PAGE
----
Kumar et al. considered total removal of ACL as a safe option, which did not result in instability. [6] But most of the authors believe that debridement of mucinous substance with partial ACL debulking is an effective therapeutic option which does not cause instability. [3],[4],[7],[22] An additional notchplasty is considered essential by some authors. [1],[5] But Motmans and Verheyden specifically mention that notchplasty is not required, because thorough debridement by itself resolves the impingement and thereby the pathology. [4] Lintz et al. performed two notchplasties out of 29 patients but not routinely. [27] We performed a meticulous and judicious debridement of the mucoid ACL with the aim of reducing the volume, achieving removal of the mucoid mass and decompression of the bulky pathological ACL. We did not perform notchplasty in any of our patients, as we did not consider it as a part of primary pathology. We believe that notchplasty may be needed in some cases where notch is quite stenotic and impinged by osteophytes especially in elderly patients. However, it may not be needed in middle aged patients where notch is free of osteophytes.

Though all patients regained full flexion after debulking mucinous ACL, some of them continued to experience mild pain while walking or climbing stairs. This could be explained probably because of concomitant lesions like cartilage damage in patellofemoral or tibiofemoral joint or meniscal tear.

Post debulking, Lintz et al. demonstrated increased anterior translation (Mean: 8 mm) on Telos examination. However, only two out of 29 required ACL reconstruction 2-5 years after the index procedure. [27] However, authors did not clarify that whether these two patients had developed instability due to chronic stretching after partial resection or due to subtotal or total resection of mucoid ACL. Dejour et al. demonstrated positive anterior drawer in 36% and positive pivot shift in 55% of his patients after debridement. [28] In our series, postdebulking, 63.6% (N = 7) had grade 1 Lachman positive and 9% (n = 1) had grade 2 Lachman. None demonstrated a positive pivot shift. None developed instability until final followup. However, it is premature to say that these patients will not develop instability in future, as all of these were patients with sedentary activities except one who plays badminton. Whether patients whose occupation requires heavy demand from knee or athletes would not develop instability in future after partial debulking, is a matter of debate. Multicentric, long term followup of patients will determine whether judicious debulking of ACL is safe and sufficient or there is a need for complete removal of the ACL with or without reconstruction.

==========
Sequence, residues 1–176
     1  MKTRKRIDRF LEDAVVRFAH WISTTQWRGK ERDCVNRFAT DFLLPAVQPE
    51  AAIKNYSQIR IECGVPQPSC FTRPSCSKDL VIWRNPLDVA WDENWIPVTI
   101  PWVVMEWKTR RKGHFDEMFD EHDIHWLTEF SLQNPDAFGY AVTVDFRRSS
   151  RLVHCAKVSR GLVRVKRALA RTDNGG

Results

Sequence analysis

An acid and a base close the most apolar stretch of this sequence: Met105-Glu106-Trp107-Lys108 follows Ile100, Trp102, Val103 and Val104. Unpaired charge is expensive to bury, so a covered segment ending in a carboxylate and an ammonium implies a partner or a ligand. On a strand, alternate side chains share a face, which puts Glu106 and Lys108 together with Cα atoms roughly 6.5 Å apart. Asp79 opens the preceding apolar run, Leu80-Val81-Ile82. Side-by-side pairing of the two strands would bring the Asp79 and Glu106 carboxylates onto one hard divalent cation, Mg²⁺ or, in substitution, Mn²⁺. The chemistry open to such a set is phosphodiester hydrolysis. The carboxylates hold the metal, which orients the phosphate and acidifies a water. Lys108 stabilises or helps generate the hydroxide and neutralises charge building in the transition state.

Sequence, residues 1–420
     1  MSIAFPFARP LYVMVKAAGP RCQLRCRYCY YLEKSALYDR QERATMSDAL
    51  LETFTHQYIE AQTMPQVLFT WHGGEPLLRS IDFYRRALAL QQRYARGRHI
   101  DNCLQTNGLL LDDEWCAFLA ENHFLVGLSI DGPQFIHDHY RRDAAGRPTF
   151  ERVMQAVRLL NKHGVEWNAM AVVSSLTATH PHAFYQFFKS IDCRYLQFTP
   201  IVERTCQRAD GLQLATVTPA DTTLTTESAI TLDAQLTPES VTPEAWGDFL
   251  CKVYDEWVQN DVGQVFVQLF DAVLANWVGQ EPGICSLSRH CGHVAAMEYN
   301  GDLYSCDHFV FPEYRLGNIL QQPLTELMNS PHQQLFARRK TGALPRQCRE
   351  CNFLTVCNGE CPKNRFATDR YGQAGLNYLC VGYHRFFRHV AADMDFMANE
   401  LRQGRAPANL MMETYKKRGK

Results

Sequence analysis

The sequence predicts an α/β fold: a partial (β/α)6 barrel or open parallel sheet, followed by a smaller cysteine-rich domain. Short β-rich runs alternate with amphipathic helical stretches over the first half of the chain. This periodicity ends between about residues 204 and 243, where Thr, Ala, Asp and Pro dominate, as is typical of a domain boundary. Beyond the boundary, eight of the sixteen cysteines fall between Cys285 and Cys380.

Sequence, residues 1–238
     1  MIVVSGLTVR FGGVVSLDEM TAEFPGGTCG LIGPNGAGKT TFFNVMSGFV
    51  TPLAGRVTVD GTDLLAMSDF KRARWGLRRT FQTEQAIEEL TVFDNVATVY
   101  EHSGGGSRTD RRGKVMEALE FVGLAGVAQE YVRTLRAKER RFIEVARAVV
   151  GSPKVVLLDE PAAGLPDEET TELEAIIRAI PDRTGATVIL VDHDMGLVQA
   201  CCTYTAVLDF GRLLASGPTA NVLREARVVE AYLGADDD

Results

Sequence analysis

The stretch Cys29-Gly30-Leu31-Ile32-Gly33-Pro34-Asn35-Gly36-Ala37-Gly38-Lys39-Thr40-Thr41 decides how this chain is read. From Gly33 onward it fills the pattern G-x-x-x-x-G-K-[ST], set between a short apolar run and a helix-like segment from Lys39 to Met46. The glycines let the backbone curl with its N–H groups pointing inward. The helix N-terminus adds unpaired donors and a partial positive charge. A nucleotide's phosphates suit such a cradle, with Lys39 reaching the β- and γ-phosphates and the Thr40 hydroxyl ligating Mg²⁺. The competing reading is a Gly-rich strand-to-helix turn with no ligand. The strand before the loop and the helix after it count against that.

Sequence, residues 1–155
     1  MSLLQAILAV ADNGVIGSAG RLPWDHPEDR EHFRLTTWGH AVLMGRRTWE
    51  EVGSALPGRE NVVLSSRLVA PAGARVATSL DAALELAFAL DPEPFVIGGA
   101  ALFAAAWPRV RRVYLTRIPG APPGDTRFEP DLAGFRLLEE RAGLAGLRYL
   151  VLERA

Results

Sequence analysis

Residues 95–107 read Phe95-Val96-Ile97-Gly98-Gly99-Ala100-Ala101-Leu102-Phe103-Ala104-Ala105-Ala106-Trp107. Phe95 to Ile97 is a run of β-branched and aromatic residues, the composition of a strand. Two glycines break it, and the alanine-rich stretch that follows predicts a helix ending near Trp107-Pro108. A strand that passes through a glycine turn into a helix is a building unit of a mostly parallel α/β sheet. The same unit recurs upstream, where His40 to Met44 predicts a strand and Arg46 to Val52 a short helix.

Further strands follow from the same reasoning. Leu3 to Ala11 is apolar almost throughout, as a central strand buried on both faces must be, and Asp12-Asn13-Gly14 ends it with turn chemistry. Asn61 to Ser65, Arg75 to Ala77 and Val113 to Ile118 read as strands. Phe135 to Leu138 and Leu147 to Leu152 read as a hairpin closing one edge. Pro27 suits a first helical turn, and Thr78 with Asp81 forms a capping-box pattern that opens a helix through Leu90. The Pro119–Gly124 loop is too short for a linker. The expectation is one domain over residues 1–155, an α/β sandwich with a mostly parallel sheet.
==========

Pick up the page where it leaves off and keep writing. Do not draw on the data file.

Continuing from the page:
MD of the ACL is not that uncommon cause of knee pain with limited flexion in adults with or without a background of trivial trauma. The clinical and radiological features maybe inconclusive and may rather mislead to a diagnosis of a torn ACL tear. Awareness about this uncommon entity is important for arthroscopists as they may be confronted with a mucoid ACL intraoperatively. Furthermore, arthroscopists must educate themselves to interpret the MRI suggestive of MD of ACL as, in many instances, it may be reported as ACL tear. At present, judicious debulking and decompression of ACL with removal of mucinous material as much as possible is the preferred line of management. Notchplasty may not be required in all cases unless there is a stenotic notch impinging upon residual fibers. Definitive diagnosis is established with histopathology. Short term results after debridement are excellent. Furthermore, patient should be informed regarding mild residual pain which may arise due to concomitant lesion in cartilage and meniscus. However, long term followup is necessary to establish the credibility of partial debridement is most optimal treatment without any residual instability.

 
   References Top

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2.Makino A, Pascual-Garrido C, Rolón A, Isola M, Muscolo DL. Mucoid degeneration of the anterior cruciate ligament: MRI, clinical, intraoperative, and histological findings. Knee Surg Sports Traumatol Arthrosc 2011;19:408-11.  Back to cited text no. 2
    
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8.Bergin D, Morrison WB, Carrino JA, Nallamshetty SN, Bartolozzi AR. Anterior cruciate ligament ganglia and mucoid degeneration: Coexistence and clinical correlation. AJR Am J Roentgenol 2004;182:1283-7.  Back to cited text no. 8